-A west-Ottawa mom is using her engineering expertise to help improve education for children with autism spectrum disorder, Asperger's syndrome and attention deficit hyperactivity disorder.
Natasha D'Souza, who recently received a master's in technology innovation management, said it was her experience as a mother of a son with special needs that prompted her to work out a system to help him learn social skills.
"The medical system is very drug-based," D'Souza said. "And that wasn't for us."
There are holes in the education system as well, D'Souza said, adding social skills simply aren't taught anymore, due to dwindling resources and limited staff.
"The metrics are out of whack," she said. For example, the worker assigned to help her son master skills to keep in pace with his classmates, spends time teaching him how to use scissors.
"Is that the best use of her time?" D'Souza asked.
So, a little more than a year ago, she decided to use her expertise as an engineer and the unique opportunity her hands-on program at Carleton University offered to develop a product that would guide children and help them to learn social skills - something often lacking in kids with autism and Asperger's because they don't know how to interpret facial expressions.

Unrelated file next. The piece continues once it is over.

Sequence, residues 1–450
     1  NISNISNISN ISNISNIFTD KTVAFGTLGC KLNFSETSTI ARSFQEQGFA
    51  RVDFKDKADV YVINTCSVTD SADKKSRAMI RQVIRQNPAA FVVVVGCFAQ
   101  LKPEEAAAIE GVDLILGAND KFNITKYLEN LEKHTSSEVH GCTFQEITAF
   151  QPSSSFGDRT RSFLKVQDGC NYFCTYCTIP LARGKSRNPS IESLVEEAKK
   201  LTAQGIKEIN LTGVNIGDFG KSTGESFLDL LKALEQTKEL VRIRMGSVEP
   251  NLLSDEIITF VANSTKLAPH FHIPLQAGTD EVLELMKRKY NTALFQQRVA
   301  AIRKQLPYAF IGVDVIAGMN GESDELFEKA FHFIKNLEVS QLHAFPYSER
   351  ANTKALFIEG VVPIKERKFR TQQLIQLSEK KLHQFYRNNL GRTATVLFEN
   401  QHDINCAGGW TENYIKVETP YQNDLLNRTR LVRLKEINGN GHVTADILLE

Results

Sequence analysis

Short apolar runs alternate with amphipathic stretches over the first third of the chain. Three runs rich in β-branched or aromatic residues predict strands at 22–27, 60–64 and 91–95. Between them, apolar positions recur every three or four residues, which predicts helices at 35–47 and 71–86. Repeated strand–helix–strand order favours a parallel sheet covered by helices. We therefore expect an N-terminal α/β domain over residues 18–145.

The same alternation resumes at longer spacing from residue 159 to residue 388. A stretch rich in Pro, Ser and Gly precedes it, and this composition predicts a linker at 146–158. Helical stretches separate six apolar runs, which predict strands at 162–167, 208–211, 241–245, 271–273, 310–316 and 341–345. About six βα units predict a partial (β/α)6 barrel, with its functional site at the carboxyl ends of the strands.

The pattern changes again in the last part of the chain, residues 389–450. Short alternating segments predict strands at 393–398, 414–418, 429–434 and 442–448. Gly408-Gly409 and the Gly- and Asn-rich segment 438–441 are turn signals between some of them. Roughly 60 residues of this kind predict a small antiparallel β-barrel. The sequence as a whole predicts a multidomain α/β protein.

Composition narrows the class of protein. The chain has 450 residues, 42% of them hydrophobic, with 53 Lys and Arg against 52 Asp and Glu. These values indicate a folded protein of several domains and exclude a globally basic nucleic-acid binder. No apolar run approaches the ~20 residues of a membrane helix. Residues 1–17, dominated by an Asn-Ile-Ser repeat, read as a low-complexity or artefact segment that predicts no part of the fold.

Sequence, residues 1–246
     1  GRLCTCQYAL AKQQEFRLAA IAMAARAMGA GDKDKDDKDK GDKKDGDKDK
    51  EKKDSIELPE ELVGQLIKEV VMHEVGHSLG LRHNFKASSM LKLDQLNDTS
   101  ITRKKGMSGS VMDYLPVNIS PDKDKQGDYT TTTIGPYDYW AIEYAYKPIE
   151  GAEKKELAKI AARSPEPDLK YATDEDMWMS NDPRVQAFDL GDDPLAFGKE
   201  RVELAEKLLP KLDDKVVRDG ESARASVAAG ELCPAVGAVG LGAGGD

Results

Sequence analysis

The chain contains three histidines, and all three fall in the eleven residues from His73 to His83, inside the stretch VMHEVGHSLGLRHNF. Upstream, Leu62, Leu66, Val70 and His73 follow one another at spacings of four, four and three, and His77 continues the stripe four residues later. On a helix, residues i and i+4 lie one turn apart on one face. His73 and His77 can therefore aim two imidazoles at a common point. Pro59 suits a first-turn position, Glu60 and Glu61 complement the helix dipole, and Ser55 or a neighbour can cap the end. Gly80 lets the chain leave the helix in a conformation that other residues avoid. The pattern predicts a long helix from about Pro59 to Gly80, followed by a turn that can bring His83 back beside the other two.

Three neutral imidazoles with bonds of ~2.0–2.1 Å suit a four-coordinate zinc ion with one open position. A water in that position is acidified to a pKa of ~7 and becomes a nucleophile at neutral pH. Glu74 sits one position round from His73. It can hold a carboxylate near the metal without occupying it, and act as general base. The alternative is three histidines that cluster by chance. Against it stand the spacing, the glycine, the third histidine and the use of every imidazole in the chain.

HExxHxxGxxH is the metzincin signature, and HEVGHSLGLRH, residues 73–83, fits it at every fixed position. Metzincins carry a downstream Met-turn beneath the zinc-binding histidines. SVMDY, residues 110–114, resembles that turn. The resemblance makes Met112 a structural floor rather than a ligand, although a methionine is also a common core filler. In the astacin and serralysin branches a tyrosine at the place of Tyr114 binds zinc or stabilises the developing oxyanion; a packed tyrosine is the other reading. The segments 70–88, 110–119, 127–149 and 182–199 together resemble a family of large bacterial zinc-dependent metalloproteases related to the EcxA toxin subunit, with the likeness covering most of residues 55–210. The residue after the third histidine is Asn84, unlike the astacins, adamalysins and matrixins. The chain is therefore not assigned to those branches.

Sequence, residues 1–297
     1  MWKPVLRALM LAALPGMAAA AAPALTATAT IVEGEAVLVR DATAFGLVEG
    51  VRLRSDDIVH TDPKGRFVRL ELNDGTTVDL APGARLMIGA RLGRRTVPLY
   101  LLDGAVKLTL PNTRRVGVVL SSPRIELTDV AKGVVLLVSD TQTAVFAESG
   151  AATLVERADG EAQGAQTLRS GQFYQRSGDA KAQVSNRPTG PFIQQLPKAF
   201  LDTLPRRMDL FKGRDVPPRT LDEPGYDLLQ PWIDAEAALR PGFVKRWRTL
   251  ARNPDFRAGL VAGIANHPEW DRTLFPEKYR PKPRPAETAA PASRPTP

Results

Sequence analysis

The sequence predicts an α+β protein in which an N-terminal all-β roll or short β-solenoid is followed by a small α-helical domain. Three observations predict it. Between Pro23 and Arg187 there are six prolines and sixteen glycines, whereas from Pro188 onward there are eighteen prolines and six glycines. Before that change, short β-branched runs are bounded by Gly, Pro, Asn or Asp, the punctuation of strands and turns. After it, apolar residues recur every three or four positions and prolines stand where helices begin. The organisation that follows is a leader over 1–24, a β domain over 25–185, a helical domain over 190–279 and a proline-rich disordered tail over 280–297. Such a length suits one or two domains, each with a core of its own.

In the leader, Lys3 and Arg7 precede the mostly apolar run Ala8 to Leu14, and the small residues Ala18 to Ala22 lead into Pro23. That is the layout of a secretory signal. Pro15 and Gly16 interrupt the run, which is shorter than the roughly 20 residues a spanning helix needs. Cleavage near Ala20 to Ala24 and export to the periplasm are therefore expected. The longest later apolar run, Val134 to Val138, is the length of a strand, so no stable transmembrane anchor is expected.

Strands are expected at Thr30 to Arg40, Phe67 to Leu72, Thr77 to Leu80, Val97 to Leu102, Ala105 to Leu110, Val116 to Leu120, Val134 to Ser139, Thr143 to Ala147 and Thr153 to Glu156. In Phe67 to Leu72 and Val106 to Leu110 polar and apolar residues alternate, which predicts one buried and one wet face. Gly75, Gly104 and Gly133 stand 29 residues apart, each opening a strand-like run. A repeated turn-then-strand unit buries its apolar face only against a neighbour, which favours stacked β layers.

"I get a lot of notes home because he would smirk at the teacher when she was angry, but it's because he didn't understand the expression," D'Souza said.
It's that type of roadblock that inspired the creation of an app called Zeely's Adventures. Zeely is an alien who recently landed on earth and is looking to understand friendship. He is guided by his sidekick Obo.
The group of programmers and engineers who helped D'Souza all had children with special needs, she said.
"They knew the value of balancing the learning part with making the game fun," she said.
The game, which D'Souza hopes to launch on the Apple App Store before the end of January, was partially funded by the Ontario Brain Institute.
Aside from offering an alternative to pillbased treatment of disorders, she hopes to change the conversation around support for special needs children.
"As a parent, you hope to give your child the best future possible, so you often have no more hobbies, because you are shuffling kids two hours each way for a day camp to learn about social skills," D'Souza said. "But whatever you do has to be consistent to work. Whatever the parent is doing has to be replicated at school."
For more information about the app, visit the site zeelyadventures.com.